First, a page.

NTSB unable to determine why helicopter crashed in Maplewood

National Transportation Safety Board
The National Transportation Safety Board has concluded its investigation into last June’s fatal crash of a helicopter in Maplewood and determined it doesn’t know why the crash happened.

Michael Kramer of St. Charles, Minn., was killed while spraying for mosquitoes in the area when his helicopter crashed into a garage.

In its final report, the NTSB indicated the helicopter appeared to be working fine when the crash occurred, reporting “no malfunctions or failures that would have precluded normal operation.” The weather was typical of a perfect day in June with light winds.

Investigators retrieved a GPS which tracked the final flight and found nothing to indicate the helicopter had experienced a problem up until the point where it plunged into the Maplewood neighborhood.

National Transportation Safety Board

It had taken off from Flying Cloud Airport in Eden Prairie and was spraying near 3M Lake at the time of the crash.

  • Jim G

    Does it usually take 9 months for an NTSB report on a helicopter or small plane crash? Then we should be looking for a report on the Seattle TV helicopter crash in December or next January. Is there any preliminary information as to what the cause of that incident was?

    • http://blogs.mprnews.org/newscut/ Bob Collins

      Nine months is pretty fast for the NTSB.

  • shyestviolet

    I saw what I assume was the same helicopter earlier in the afternoon north of the monastery (maybe above Southwood Nature Preserve on 120 and Holloway?).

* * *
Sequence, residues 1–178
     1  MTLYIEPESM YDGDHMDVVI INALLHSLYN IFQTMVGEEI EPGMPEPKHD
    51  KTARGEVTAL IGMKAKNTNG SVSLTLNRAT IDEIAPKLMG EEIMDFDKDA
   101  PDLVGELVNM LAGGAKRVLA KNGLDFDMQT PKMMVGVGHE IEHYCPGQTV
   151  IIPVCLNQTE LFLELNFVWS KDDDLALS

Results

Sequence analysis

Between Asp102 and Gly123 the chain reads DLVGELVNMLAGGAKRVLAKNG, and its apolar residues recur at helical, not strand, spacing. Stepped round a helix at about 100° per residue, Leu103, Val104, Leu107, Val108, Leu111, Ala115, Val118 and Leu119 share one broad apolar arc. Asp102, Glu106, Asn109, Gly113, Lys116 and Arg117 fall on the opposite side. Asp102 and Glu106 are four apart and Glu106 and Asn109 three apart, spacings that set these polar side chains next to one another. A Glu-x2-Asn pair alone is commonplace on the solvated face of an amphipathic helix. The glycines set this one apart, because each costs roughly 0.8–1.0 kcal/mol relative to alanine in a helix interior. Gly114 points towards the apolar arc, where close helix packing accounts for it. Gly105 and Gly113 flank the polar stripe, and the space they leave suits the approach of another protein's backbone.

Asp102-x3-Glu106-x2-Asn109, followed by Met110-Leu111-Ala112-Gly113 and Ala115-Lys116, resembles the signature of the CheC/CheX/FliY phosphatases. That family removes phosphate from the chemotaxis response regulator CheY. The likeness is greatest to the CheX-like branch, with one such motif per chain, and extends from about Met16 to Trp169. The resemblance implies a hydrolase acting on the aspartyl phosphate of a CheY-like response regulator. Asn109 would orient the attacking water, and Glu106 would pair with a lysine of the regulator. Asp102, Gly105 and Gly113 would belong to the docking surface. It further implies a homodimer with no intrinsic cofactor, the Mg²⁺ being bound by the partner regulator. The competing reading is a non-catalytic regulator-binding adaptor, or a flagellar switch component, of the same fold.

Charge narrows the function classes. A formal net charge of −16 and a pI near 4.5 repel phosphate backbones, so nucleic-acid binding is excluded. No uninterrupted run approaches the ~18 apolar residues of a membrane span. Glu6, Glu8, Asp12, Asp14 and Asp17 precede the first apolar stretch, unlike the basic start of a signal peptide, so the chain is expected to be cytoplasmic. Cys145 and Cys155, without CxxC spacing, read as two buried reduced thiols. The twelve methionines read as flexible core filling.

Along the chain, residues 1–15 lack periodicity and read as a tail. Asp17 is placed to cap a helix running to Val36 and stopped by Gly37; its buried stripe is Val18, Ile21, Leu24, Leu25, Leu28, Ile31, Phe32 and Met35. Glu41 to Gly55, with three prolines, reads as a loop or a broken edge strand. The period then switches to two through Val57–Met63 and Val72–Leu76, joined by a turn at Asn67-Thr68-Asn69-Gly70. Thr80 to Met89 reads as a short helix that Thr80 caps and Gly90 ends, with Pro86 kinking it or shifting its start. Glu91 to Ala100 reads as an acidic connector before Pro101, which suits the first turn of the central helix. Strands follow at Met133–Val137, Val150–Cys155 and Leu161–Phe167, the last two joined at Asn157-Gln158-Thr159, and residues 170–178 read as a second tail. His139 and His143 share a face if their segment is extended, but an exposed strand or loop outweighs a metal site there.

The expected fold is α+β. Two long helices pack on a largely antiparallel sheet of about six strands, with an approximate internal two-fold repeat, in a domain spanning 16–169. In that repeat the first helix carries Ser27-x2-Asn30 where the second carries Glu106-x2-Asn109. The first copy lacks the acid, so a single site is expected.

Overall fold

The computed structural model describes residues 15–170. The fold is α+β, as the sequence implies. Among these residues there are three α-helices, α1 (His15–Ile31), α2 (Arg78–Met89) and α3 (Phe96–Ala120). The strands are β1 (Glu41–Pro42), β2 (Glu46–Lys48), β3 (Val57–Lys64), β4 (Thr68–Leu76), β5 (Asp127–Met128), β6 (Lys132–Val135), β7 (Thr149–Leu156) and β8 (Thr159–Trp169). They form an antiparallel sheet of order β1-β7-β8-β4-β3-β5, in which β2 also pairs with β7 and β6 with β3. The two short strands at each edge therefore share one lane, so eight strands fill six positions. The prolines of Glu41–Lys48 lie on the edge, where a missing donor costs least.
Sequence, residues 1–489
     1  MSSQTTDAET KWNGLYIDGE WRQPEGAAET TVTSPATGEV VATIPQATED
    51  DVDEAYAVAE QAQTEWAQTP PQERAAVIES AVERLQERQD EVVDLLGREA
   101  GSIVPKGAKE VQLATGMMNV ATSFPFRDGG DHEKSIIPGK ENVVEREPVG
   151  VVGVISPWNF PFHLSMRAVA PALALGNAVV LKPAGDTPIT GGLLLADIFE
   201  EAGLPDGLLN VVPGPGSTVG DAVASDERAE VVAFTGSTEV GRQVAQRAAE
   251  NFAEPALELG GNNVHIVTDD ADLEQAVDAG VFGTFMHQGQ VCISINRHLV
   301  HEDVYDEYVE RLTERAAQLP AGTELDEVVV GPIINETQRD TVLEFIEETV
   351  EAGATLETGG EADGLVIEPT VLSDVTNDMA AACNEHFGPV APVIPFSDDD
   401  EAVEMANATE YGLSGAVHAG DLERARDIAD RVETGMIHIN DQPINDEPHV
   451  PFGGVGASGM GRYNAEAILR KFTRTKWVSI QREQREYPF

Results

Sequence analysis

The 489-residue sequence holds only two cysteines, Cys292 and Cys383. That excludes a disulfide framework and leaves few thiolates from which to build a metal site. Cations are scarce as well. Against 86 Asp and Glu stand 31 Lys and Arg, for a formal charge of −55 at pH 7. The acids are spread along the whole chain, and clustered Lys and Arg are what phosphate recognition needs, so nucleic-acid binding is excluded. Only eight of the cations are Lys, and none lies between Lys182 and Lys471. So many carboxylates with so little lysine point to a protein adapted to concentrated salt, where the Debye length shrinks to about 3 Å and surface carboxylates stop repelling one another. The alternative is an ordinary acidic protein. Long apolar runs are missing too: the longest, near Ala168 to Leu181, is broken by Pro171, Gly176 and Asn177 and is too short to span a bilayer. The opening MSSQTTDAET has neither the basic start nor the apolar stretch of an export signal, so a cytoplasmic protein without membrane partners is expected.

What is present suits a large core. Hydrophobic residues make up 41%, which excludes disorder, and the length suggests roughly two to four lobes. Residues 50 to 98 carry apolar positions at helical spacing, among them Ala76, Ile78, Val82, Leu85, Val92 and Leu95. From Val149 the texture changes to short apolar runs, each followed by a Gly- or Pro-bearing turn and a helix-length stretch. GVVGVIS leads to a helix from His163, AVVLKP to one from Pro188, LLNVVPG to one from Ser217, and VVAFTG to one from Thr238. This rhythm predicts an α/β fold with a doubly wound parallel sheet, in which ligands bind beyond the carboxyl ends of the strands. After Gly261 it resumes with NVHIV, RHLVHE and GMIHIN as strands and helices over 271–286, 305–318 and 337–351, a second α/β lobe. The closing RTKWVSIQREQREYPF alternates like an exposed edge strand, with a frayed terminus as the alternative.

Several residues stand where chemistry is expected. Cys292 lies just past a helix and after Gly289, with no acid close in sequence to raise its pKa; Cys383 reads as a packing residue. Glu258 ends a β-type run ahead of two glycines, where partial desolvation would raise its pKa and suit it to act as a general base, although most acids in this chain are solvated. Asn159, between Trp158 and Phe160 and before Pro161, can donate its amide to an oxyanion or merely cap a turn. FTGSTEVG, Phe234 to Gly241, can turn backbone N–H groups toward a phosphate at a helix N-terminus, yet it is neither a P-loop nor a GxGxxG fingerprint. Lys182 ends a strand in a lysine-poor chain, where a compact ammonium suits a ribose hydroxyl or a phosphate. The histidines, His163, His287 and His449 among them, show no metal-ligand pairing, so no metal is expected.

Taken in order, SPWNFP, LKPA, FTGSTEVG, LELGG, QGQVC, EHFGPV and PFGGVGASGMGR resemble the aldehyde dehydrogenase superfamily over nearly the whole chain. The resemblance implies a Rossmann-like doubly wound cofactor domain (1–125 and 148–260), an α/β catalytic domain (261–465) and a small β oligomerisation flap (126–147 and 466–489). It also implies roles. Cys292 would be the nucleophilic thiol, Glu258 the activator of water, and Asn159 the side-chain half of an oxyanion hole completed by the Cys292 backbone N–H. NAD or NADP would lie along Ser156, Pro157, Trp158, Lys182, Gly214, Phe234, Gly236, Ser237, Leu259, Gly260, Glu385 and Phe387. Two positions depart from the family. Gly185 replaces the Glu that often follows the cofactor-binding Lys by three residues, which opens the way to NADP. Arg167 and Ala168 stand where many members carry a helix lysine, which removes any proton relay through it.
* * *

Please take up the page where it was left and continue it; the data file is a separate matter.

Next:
It was flying in steep banks to turn–nearly upside-down around curves. It was such an unusual sight that my daughter and I stopped to watch it for 5-10 minutes.

    Bob, is it normal that these types of helicopters/sprayers fly like this?

    • http://blogs.mprnews.org/newscut/ Bob Collins

      It is, yes. Many of the ponds in the Twin Cities are tucked in developments or near power lines, requiring steep approaches, and turns. I love to watch them fly, but am always amazed that more of them don’t go down.

      • shyestviolet

        It was pretty incredible to watch.

  • Shannon Ward

    So is that the end of it then? Do they think it was pilot error? He wasn’t actually treating a wetland at the time of the crash, so it wasn’t because he was making complicated maneuvers.

    • http://blogs.mprnews.org/newscut/ Bob Collins

      That’s pretty much it. It will remain a mystery.

      • Shannon Ward

        What about a coroner’s report on the pilot? I assume they did an autopsy to determine if the impact was his cause of death?

        • http://blogs.mprnews.org/newscut/ Bob Collins

          Yes, blunt force trauma. Toxicology report was clean.

          • Shannon Ward

            Well, that is sad that the family won’t be able to know what happened. I am a seasonal employee at Mosquito Control, and I met the pilot a few times. I know he had a wife and kids.